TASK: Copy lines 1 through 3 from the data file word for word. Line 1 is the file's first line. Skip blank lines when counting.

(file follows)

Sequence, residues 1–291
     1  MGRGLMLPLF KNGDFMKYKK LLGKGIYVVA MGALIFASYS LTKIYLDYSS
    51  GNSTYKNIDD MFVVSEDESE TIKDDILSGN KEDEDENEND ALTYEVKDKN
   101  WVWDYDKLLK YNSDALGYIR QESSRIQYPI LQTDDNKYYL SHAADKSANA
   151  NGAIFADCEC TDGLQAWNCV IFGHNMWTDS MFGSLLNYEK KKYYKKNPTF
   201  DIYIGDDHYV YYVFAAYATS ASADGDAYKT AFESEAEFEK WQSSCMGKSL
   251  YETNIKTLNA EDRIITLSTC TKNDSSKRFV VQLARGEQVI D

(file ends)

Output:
Sequence, residues 1–291
     1  MGRGLMLPLF KNGDFMKYKK LLGKGIYVVA MGALIFASYS LTKIYLDYSS
    51  GNSTYKNIDD MFVVSEDESE TIKDDILSGN KEDEDENEND ALTYEVKDKN